For five days they sailed east, by oar as often as by wind, before they caught so much as a glimpse of a reef in the water. Even then, it was little more than a damp spot, big enough for the skua nest it held and nothing else. It was too late in the year for eggs, but Irding checked anyway. Fresh eggs were a rare treat on the water, after all.
Over the next two days they saw more small rocks, much like the bird’s nest. Once in a while they would spot a seal slipping back into the water: that, too, would have provided some nice variety in their diet of gravlax and hard tack had they only had a javelin to catch one with. For all that Runa was the one least accustomed to eating like a sailor, however, she only complained once, and that was when the pack of hard tack she was bringing up from below got drenched by a rogue wave.
After just over a week out of port, Einarr realized that the haze on the horizon was not just haze, and not so far away as the horizon: they were sailing into a bank of fog in the middle of an otherwise sunny and warm day.
“Well that’s not natural,” Erik grumbled.
Jorir raised an eyebrow. “Think we’re getting close?”
“Hm. More than likely. Runa?”
“Probably, yes. You wish me to sharpen your eyes?”
Einarr peered forward as the song began to pour forth from Runa’s mouth, but as they grew nearer the fog became if anything more impenetrable. Finally, as their boat slipped into the mist and the air grew dim around them, he told her to stop. “It’s not working. I guess we’ll have to do this the hard way.”
“Through this? As careful as I can. Watch for rocks, everyone.”
Runa shook her head, but did not explain.
“If you know something, now would be a really good time to tell us.” Einarr tried not to growl at her.
She shook her head again. “I don’t, really. It’s just that for the song not to pierce the fog, that probably means its magical. And there’s no telling what might be hiding in a magical fog.”
“So long as the Tower of Ravens is, we’ll deal with whatever it throws at us.”
“As you say.” She sounded dubious, but as she was the one experienced in magic he let it pass.
“Steady as she goes! We run aground here and paying Sor for his boat will be the least of our worries.”
A chorus of ‘aye’s echoed from out of the mist, and only then did Einarr realize he could see no-one but Runa. Jorir, the next closest, looked like nothing more than a shadow. Here goes nothing…
The mist began to swirl about his feet, the only sign they were still moving save the creak of the oars and the occasional thump against a rock. He had to resist the urge to hold his breath in the muffled field of the mist.
After a while – none aboard could have said how long – the air began to grow brighter. As they continued, the forms of his companions resolved into flesh and blood once more. Einarr raised his head hopefully, eager to catch a first glimpse of the tower. The sight that greeted him instead was the open ocean. The position of the sun said they were now facing West – back the way they had come. “What devilry is this?”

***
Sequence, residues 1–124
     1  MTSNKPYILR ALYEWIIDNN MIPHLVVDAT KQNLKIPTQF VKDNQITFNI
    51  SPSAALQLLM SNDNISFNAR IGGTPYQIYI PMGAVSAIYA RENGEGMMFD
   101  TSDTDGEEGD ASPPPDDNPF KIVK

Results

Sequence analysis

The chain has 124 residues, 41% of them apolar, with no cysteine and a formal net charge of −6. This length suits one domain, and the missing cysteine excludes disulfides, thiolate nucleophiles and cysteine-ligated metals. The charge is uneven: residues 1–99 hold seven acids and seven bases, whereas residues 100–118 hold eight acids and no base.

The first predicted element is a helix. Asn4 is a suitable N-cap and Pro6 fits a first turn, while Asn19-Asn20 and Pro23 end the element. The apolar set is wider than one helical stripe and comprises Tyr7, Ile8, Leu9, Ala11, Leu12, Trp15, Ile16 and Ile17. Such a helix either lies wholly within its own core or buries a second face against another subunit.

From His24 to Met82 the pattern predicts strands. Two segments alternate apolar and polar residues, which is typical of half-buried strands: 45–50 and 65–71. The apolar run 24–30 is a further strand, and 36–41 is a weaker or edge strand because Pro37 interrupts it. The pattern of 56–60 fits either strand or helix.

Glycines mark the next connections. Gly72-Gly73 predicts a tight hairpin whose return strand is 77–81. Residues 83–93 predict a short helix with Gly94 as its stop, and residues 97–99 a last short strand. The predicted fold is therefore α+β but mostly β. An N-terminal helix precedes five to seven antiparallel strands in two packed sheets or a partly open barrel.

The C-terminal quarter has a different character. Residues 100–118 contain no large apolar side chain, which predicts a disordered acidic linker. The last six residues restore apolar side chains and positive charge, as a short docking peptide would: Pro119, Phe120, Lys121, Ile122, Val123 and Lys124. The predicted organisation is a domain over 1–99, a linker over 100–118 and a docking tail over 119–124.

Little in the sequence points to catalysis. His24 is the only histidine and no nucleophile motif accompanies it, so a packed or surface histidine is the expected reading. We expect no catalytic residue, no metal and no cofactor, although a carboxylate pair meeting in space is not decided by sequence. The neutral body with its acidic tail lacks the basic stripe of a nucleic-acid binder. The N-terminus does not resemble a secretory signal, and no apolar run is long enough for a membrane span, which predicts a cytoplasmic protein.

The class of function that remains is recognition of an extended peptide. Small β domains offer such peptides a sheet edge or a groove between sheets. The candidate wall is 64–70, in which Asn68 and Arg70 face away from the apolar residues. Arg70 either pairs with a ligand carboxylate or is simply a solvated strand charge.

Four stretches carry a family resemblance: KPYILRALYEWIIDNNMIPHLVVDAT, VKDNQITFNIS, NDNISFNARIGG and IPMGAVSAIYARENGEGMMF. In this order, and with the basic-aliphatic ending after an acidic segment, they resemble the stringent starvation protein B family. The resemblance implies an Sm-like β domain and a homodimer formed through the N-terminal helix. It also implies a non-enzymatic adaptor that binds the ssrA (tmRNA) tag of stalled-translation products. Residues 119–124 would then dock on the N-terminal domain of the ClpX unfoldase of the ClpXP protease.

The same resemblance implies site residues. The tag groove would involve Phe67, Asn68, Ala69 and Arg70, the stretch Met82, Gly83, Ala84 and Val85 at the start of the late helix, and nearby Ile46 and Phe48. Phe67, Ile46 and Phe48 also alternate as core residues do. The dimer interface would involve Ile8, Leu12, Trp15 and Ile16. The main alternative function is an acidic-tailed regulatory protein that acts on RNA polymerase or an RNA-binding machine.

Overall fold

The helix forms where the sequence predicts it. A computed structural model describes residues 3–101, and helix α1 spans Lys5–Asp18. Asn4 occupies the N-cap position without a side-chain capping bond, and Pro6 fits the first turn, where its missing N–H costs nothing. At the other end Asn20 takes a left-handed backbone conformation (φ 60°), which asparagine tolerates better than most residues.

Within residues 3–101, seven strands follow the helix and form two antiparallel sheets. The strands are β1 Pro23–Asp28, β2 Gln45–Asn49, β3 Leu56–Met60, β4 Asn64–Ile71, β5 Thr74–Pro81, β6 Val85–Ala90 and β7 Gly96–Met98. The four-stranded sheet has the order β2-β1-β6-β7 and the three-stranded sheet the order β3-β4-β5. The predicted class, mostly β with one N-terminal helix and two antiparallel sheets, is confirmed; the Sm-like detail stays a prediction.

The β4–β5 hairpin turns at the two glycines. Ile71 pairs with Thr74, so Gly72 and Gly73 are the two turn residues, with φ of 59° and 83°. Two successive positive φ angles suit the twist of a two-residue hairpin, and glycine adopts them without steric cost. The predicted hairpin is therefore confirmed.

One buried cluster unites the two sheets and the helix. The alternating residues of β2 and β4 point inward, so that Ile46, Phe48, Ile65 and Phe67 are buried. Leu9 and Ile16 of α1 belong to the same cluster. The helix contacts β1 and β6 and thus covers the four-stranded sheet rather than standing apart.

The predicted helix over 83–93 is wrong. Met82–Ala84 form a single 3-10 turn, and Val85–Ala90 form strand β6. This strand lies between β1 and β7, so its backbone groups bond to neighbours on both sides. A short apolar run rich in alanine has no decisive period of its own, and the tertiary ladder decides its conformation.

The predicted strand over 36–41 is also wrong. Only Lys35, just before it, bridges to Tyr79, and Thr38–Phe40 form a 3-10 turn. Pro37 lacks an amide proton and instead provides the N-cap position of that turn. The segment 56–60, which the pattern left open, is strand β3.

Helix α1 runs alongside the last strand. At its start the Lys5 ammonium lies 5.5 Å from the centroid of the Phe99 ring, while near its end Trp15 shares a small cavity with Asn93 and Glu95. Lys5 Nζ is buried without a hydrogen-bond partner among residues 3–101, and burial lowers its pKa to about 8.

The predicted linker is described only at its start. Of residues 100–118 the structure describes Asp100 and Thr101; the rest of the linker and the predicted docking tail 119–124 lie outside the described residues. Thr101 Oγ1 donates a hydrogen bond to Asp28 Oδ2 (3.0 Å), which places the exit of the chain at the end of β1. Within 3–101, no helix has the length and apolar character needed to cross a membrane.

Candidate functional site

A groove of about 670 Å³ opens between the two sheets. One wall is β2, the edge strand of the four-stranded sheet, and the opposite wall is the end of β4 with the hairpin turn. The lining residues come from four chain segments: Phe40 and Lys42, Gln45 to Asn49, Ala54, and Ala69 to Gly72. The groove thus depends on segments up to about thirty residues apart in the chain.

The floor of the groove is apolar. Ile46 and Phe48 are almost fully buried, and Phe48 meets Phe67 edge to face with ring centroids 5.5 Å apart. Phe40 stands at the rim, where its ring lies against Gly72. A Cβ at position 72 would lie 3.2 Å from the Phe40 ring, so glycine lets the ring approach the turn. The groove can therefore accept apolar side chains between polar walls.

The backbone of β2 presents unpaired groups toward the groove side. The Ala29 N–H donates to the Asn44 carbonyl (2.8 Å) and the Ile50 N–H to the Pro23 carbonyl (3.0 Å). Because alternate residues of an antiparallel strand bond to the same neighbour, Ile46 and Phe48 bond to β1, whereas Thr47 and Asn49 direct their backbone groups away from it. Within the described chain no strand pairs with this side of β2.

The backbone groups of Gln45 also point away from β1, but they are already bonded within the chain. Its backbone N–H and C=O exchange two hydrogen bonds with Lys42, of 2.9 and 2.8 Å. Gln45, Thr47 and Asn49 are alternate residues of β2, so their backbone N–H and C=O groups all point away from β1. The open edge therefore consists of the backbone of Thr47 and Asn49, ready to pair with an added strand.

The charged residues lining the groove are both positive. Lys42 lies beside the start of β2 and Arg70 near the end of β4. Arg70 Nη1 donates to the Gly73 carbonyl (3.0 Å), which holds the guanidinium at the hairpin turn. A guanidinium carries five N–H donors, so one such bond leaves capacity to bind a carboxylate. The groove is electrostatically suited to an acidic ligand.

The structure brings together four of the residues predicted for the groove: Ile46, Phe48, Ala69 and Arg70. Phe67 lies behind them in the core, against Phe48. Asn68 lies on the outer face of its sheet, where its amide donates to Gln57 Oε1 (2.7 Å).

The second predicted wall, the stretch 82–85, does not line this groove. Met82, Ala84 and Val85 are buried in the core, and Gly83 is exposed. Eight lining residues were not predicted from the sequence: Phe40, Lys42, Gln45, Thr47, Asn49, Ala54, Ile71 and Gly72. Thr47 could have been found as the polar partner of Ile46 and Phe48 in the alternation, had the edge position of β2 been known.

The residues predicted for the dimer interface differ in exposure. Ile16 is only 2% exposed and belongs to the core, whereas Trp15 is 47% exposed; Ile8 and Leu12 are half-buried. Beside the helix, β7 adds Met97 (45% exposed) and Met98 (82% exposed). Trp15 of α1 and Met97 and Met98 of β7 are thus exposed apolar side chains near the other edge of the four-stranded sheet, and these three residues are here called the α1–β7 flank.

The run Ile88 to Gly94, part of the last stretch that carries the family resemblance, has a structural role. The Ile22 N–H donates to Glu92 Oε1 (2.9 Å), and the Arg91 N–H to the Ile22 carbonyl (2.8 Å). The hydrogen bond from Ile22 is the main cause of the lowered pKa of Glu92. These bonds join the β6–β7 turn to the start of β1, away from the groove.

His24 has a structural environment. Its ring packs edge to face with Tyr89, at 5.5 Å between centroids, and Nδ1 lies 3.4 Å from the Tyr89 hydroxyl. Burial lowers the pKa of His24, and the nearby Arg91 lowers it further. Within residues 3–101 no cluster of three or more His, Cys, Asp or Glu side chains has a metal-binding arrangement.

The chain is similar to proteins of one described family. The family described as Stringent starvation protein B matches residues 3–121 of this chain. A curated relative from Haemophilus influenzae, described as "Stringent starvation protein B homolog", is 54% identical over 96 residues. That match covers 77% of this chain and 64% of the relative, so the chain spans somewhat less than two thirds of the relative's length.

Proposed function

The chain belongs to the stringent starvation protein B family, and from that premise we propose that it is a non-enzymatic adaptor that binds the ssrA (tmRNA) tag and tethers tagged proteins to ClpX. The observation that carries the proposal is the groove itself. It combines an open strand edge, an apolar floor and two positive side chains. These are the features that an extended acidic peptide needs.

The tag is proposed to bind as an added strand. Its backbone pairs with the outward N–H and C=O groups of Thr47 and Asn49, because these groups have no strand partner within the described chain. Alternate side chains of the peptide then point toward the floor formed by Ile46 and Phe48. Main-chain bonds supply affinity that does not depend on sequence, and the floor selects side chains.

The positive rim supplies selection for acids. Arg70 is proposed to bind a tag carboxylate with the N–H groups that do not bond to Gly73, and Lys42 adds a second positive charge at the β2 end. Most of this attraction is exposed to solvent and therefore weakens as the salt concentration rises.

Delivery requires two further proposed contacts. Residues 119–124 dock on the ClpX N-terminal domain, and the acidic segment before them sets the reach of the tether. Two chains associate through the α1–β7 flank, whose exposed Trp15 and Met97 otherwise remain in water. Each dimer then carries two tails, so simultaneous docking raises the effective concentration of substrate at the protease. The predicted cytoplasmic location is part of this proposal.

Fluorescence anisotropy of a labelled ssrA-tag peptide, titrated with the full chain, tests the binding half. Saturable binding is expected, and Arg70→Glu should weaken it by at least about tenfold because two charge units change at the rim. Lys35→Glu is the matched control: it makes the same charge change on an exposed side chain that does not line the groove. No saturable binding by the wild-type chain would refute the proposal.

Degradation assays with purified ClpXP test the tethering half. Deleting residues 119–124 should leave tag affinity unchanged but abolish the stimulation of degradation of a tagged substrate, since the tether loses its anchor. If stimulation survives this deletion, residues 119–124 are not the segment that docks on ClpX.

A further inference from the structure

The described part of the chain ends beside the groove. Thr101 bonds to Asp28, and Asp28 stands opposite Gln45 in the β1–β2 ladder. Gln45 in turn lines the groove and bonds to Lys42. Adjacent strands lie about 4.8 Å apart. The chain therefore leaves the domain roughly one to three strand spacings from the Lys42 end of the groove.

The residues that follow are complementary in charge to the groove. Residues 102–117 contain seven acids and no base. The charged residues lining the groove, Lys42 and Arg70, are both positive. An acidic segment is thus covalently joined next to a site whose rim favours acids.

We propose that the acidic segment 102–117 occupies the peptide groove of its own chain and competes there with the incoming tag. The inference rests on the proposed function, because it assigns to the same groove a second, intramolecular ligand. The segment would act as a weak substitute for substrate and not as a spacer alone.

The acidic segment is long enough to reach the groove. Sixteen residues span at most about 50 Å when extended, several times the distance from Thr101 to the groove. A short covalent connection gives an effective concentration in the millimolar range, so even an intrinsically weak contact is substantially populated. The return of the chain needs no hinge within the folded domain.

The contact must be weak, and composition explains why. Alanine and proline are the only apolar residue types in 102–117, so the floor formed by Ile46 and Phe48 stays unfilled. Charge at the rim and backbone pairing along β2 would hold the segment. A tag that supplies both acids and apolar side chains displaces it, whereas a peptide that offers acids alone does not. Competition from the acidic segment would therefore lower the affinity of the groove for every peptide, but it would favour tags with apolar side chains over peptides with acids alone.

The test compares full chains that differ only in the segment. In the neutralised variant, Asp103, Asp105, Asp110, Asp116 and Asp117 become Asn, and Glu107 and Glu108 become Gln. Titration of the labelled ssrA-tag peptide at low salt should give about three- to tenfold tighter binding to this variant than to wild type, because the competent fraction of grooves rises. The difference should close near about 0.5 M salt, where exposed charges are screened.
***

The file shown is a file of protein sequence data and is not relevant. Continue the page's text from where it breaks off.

“Perhaps the best circumstance we could hope for.” Runa’s voice now sounded weary, as though she had expected no more. “The fog exists to keep people away from the sanctum of the bird-spies. I had feared much worse than a maze.”
Einarr swore. That she was almost certainly right made no difference: they were ill-equipped for such a challenge, and would have been even in the Vidofnir. But ill-equipped or no, there was no way around what they had to do. “Turn her around, boys. Let’s try this again.”
Not all of the groaning came from the old wood of the boat as Erik and Irding hauled on the oars and Einarr pulled at the tiller. “Since we’re dealing with a maze, I guess we need to be a bit more methodical about this.”
Once more they edged into the fog, Einarr wracking his mind, trying to figure out a way to track their progress in this situation. When the fog grew dim again and he heard the characteristic thump of an oar pushing off a rock, he thought he might have a method. “Stop!”
There was a hurried splash and a scraping sound from the oars as one of them came into contact with another rock.
“Those rocks we just found – light a torch, I want to have a look.”
A glowing ball of light appeared aft of the tiller and shortly resolved into Runa. At this proximity, in the glow of the torch, her hair shone like gold.
“Thank you, my dear,” he murmured.
“How far away do you actually think you’ll be able to see these torches?”
“I don’t know, but I aim to find out.” He took the proffered torch and strode forward to where Erik and Irding held their oars out of the water. He held the torch out over the water, leaning over the railing himself in search of a crack to wedge the light into.
“Ah! Let’s try there. Erik, a rope.”
“What are you even thinking of?” The big man’s voice rumbled out of the darkness.
“A way to mark our path, I hope. Come on, tie it around my waist. I think I can just reach.”
With the rope secured about him and Erik bracing the other end, Einarr climbed over the railing. He hooked his top foot around a slat and braced the other against the hull as he leaned out over the water. The crack he had spotted in the rather damp rock was just barely within reach of the base of the torch, which he jammed forward.
“Okay, Erik. Pull me in!”
Something cold wrapped itself around the leg braced against the hull and pulled. Einarr let out a surprised yell as the cold water closed over him.
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